Concerns are being highlighted over the welfare of cabin crew working on the few long-haul flights still operating during the global coronavirus epidemic.

The British Airline Pilots Association first raised attention to the issue on Tuesday, claiming that no clarity had been given about the financial support promised or the health and safety of the workers involved in government repatriation efforts.

The concern emerged after foreign secretary Dominic Raab revealed a £75 million scheme to repatriate ten of thousands of British travellers stuck overseas.

Airlines including Virgin Atlantic, easyJet, Jet2 and Titan Airways have agreed to assist with British Airways also joining relief efforts.

A claim has since been made that a number of BA cabin crew fear they may have contracted the virus, according to the BBC.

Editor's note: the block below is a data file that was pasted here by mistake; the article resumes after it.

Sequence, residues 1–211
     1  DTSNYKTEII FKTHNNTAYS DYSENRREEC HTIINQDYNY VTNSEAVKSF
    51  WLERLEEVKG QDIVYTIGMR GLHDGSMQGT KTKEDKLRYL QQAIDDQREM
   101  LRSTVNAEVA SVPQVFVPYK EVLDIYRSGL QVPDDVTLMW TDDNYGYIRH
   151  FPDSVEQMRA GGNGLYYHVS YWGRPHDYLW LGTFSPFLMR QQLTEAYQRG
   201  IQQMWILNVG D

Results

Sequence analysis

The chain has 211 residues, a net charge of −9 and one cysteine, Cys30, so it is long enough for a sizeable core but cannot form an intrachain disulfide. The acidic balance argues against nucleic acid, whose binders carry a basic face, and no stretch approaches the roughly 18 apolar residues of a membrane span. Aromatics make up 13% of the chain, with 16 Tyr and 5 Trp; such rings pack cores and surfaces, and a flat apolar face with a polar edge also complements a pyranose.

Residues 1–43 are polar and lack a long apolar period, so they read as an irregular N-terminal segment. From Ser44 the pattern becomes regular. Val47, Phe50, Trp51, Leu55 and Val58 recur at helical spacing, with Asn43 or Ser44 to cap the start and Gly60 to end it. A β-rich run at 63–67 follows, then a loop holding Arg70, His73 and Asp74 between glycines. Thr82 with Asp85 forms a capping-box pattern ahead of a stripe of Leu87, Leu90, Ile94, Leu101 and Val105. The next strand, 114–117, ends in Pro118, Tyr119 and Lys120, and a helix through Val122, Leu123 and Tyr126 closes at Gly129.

BA responded in a statement saying: “We follow all the guidance from the UK government and global health authorities, including Public Health England and the World Health Organisation.

“We have taken several steps to greatly reduce contact between customers and crew, and personal protective equipment is available to them.

“Like other forms of transport we are keeping vital links open – repatriating customers and ensuring key supplies like medicines and food are flown in. Our teams are doing an amazing job.”

The airline is known to have already made changes on board to reduce contact as much as possible, including temporary changes to catering, where passengers will be offered pre-prepared refreshments, and removing the hot towel service.

BA also provides regular updates to crew on best practise so they can take necessary precautions, and additional measures have been introduced to support staff.